Let's start getting rid of the confusion by talking about something simpler than "stress", i.e. force, and keep it simple by talking about two dimensions, not three.
A "real" force on an object acts in some definite direction - for example the weight of an object acts vertically downwards. But to do any calculations with forces, we usually want to describe them using two components at right angles to each other.
For example, if you have an object is on an inclined plane and you want to consider how it moves, or whether it slips if there is friction, you often want to describe its weight using components parallel and perpendicular to the plane, not horizontal and vertical. You probably already learned how to "resolve" forces in this way.
The "real force" (the weight) doesn't depend on how we choose to describe it, but the description (the two components) does depend on the direction we choose for the components.
The same idea applies to other quantities, such as velocity, acceleration, etc. There is a name for the general concept - we call the "real thing" a vector and its "description" is the components of the vector in some coordinate system.
The same idea applies to stress. The "real stress" at a point in a body is more complicated than a vector. The name for the general concept is a "second-order tensor" ("vector" is just another name for a "first-order tensor") but in a strength of materials course you probably won't learn much about the general concept of a tensor, only some specific results about stresses and strains. In 3-dimensional space, a vector has 3 components, and a 2nd order tensor has 9 (9 = 3$\times$3). However, stress and strain are both "symmetric" tensors, which means there are only 6 independent components, not 9.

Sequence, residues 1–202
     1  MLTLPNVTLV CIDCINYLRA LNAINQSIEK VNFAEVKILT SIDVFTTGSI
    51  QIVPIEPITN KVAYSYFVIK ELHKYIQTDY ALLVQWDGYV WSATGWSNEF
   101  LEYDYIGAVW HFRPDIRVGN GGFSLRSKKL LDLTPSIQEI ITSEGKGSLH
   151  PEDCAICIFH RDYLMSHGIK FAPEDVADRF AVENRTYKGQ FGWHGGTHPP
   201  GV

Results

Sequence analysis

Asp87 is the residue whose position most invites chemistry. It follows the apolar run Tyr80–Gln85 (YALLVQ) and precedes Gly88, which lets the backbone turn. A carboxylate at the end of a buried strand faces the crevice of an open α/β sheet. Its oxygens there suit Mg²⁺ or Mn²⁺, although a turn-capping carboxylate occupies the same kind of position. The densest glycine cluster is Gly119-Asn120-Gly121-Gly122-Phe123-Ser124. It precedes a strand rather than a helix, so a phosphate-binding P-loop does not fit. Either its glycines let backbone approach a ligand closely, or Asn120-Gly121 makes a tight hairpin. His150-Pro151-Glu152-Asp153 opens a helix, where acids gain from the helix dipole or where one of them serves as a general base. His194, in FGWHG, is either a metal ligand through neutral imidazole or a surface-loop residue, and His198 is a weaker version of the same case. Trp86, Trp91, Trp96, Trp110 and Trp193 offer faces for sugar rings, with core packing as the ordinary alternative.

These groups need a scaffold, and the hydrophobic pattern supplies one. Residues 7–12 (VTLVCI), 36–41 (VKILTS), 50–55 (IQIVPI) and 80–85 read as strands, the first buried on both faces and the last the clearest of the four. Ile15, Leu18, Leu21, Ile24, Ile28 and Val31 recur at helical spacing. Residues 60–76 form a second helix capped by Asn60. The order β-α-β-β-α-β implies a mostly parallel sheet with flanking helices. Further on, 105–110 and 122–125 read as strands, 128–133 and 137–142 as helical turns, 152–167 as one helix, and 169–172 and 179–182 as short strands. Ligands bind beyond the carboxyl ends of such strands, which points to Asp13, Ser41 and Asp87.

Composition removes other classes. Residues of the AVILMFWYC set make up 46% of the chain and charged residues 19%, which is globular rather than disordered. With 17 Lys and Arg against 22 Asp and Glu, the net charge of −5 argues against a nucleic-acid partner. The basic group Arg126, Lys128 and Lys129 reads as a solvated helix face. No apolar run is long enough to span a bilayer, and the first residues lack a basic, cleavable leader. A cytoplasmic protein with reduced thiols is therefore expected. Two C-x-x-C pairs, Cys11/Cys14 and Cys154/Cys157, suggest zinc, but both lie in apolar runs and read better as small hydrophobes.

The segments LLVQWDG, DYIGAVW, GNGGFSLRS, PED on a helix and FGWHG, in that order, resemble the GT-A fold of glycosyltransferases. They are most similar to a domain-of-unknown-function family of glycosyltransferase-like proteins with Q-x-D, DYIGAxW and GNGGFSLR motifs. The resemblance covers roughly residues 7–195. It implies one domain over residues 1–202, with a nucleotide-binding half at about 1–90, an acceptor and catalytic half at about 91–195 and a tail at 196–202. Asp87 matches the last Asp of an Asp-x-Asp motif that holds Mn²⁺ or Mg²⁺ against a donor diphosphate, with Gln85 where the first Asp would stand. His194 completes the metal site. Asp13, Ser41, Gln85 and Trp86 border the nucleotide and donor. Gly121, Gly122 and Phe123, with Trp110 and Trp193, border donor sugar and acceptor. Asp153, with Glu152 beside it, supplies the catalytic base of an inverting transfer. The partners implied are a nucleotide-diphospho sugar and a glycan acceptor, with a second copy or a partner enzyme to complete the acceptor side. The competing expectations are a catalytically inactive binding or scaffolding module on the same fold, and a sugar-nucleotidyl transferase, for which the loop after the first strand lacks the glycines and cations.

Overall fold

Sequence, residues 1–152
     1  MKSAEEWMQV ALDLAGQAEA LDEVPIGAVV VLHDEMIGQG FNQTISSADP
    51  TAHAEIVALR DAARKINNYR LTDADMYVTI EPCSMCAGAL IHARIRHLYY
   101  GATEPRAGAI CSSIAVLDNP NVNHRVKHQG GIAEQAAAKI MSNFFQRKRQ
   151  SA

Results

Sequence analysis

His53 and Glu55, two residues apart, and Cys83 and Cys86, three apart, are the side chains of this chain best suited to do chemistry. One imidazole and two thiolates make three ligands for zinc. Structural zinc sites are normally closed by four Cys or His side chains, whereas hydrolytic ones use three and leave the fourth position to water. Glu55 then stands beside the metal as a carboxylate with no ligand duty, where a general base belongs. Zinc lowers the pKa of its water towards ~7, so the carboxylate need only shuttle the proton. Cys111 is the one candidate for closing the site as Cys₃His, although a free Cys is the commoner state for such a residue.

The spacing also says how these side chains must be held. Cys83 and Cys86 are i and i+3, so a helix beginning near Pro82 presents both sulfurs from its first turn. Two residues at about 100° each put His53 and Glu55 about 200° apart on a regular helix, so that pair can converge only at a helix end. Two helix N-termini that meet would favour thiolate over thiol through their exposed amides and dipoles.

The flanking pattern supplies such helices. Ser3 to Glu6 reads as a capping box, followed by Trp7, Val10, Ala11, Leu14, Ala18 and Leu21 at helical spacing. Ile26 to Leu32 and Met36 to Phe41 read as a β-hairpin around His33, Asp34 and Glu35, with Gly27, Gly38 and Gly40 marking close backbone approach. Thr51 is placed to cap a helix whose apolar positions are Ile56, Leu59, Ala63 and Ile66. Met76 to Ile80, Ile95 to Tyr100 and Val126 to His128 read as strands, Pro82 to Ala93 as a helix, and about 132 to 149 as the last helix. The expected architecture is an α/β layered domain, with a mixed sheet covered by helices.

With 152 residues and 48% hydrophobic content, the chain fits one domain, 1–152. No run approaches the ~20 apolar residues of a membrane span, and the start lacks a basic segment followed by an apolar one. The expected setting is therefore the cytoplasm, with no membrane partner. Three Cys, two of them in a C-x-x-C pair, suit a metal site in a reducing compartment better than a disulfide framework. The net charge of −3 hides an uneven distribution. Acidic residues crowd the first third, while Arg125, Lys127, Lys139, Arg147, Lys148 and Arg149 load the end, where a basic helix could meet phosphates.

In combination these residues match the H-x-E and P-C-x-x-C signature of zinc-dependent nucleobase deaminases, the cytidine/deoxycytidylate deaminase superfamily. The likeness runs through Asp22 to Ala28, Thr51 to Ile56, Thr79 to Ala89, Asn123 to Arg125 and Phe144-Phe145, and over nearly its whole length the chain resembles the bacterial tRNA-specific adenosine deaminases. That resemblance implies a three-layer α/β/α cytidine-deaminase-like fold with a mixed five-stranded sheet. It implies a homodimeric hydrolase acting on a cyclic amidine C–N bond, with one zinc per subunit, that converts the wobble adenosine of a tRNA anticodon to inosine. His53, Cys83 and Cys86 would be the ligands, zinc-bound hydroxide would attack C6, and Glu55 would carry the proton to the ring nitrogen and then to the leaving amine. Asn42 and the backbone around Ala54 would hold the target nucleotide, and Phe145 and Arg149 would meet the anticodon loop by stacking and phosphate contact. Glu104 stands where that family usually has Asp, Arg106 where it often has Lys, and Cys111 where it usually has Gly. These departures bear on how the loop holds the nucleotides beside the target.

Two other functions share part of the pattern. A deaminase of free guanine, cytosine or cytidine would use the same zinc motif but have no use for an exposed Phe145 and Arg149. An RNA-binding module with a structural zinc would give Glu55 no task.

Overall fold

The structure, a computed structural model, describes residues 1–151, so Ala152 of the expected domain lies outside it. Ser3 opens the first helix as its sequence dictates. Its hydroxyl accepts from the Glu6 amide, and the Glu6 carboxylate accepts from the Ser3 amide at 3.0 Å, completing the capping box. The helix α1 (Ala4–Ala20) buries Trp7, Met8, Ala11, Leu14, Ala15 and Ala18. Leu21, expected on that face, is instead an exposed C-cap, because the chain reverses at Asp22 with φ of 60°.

The engineering way to describe those 6 components is to consider a small rectangular block of material around a point, and think about the tension and shear forces on each face of the block. If we divide those forces by the area of the faces, we get a description of the three direct stress and three shear stress components at that point. (In two dimensions, there are two direct stresses and one shear stress, not three of each - other components are irrelevant).
Just like the with vectors, the size of the numbers representing the same "real stress" depends on the orientation of the little block.
The "rules" about how the numbers change when you change the orientation of the block are a bit more complicated than finding the components of a vector, and I guess that is what you are currently learning.
There is a basic problem in teaching all this. If you already know linear algebra at undergraduate level, the general idea of how to work with tensors should be straightforward, but you want to start doing practical engineering calculation with "stresses and strains" long before that point, so students get introduced to complicated-looking formulas and ideas like Mohr's circle as some sort of "magic," without the general understanding of what is going on and "why all this stuff works the way it does".
There is a second complication, in that engineers sometimes use the same words that mathematicians use, but with different meanings. For example it is common to write the six components of stress or strain in a row or column, which looks like a "vector with 6 components", even though it doesn't behave like a vector mathematically. And you can then write an equation linking stress and strain where the material properties data looks like a 6$\times$6 symmetric matrix which (for deep reasons, not just good luck) happens to have 21 independent entries, corresponding to the 21 independent components of the "real" fourth-order tensor. (In two dimensions the 6's become 3's).
That notation is very convenient in practice, but it completely obscures what is "really going on" in the underlying physics.